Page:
On the morning of August 6th, my mum said to me, gToshi, today is your birthday, isnft it? Today Ifm going to Dobashi (about one mile from the hypocenter) to cleanup after the demolition work. You went and worked there yesterday, right? When I come home, I will prepare something special for your birthday.h
I left home after this conversation with my mum. It was just before seven ofclock. She also went out to work with neighbors including Mrs. Ichii, a wife of our landlord, as part of the national volunteer corp. My younger sister Kazuko left for Furuta national elementary school.
My father left for work at the usual time, though he didnft need to since the air raid alarm was sounded during the night. He could have left home one hour later. As for me, there was farm work waiting for me. It was at the East Drill Ground in the north of Hiroshima station.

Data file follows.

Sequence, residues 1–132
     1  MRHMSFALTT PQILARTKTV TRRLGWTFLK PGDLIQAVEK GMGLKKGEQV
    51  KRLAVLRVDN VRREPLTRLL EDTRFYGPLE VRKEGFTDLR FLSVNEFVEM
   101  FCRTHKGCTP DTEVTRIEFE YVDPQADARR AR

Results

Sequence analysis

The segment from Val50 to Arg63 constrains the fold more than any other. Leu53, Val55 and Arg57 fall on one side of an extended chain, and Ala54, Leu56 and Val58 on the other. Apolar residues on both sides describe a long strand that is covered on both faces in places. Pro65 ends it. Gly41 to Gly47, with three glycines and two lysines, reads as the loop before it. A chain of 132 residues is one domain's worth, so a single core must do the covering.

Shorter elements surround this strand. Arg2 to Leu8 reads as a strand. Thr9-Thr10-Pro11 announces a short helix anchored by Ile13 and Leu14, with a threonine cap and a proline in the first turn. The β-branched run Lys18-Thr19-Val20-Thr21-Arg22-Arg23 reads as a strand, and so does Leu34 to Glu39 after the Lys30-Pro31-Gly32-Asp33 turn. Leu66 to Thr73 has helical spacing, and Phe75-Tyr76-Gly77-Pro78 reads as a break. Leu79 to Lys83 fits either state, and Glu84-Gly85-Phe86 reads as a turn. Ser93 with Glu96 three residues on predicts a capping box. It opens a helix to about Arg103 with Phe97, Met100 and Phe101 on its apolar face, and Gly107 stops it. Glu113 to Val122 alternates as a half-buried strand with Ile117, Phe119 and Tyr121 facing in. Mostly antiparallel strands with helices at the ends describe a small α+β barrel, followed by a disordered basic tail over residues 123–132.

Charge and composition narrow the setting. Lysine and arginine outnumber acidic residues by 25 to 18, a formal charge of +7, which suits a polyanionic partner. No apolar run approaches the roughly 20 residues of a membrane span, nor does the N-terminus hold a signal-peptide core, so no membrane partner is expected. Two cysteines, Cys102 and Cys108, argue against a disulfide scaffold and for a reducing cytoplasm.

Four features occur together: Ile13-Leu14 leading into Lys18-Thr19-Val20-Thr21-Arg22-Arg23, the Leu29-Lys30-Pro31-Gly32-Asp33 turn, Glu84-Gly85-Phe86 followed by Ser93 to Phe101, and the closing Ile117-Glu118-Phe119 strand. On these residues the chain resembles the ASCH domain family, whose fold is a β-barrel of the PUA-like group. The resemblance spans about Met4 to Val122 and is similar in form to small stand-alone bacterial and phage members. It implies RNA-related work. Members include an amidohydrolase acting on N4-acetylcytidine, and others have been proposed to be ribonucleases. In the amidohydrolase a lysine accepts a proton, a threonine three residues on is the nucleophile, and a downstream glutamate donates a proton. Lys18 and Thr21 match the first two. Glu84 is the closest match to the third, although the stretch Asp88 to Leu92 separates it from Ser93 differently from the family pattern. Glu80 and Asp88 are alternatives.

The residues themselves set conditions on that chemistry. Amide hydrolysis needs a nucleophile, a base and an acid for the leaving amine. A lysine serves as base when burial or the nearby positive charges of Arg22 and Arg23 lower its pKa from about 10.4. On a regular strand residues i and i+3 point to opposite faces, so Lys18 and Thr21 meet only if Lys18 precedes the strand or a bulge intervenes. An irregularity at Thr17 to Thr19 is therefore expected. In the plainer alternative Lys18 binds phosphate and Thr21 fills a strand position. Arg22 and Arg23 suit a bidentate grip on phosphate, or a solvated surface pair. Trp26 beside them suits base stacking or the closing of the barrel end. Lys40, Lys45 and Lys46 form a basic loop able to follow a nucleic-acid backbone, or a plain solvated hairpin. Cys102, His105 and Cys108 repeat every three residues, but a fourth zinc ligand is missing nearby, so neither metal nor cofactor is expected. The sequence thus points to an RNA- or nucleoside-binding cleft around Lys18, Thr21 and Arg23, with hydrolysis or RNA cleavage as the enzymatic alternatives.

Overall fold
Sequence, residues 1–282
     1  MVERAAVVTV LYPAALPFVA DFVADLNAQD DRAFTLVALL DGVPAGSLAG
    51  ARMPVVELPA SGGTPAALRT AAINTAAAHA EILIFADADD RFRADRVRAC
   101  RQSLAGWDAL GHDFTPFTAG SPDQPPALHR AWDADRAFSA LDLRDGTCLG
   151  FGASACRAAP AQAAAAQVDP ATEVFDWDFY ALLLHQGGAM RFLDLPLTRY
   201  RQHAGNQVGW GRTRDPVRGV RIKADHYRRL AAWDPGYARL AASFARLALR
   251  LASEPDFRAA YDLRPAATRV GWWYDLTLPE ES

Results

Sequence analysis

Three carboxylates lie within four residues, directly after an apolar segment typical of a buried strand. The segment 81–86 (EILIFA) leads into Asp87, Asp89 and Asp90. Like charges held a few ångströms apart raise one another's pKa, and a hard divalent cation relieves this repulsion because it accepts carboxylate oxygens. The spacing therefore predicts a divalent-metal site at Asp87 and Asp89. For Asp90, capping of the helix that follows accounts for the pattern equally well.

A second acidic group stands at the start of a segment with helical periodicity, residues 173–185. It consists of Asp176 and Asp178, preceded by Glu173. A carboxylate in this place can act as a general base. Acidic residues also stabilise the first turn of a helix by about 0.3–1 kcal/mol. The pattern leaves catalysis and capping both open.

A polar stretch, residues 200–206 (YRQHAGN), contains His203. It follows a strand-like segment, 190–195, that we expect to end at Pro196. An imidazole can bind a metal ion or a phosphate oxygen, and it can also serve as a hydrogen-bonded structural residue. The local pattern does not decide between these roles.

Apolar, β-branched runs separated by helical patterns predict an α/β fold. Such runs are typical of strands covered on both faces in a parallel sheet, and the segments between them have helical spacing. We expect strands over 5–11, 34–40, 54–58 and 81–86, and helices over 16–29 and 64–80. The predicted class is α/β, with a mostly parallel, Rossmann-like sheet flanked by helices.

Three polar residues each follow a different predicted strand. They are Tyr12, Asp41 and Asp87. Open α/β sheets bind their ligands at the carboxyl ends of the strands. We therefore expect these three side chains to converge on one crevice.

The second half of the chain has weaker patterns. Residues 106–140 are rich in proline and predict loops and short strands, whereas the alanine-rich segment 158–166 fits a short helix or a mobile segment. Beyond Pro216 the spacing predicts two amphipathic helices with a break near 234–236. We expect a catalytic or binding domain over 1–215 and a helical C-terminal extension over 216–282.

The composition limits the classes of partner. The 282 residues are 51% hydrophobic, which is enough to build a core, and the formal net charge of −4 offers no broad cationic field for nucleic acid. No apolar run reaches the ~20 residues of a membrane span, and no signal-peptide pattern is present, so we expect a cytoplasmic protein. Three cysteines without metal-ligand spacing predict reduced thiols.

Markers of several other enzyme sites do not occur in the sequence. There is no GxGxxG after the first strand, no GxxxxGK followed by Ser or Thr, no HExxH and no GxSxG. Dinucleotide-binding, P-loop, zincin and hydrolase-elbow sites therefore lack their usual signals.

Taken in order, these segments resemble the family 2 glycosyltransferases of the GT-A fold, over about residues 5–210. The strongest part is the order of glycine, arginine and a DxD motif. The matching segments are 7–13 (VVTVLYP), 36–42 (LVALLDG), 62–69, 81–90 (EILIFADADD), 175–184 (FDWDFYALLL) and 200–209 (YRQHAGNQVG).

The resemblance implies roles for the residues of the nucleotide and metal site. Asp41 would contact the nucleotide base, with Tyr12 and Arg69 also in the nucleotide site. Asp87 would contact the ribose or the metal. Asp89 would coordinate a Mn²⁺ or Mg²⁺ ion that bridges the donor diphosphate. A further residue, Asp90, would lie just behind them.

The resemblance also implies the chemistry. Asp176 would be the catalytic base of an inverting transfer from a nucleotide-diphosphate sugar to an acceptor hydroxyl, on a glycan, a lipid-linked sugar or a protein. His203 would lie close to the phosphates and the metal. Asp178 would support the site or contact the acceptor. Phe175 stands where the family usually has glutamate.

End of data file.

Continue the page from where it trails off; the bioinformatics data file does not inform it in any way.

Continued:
It was around the Aioi bridge (very close to the hypocenter), while the city tram was passing by, that I heard an air raid siren, but nothing happened. When I was crossing the railroad after I got off the tram at Hiroshima station, I heard, from listening to other peoplefs conversation, that the alarm had been canceled. I never took it seriously, I mean, an enemy plane flying over us.
I got to the farm and students were gradually gathering for a roll-call, facing Mt. Futaba.
It was at that time that I saw a B29 airplane flying much lower than usual and I had a feeling that something would happen.
Then I noticed that two to three parachutes were falling down in the right of the sky.
I kept looking up at the sky wondering if they were again distributing their propaganda leaflets. A teacher shouted, gdonft look up!h.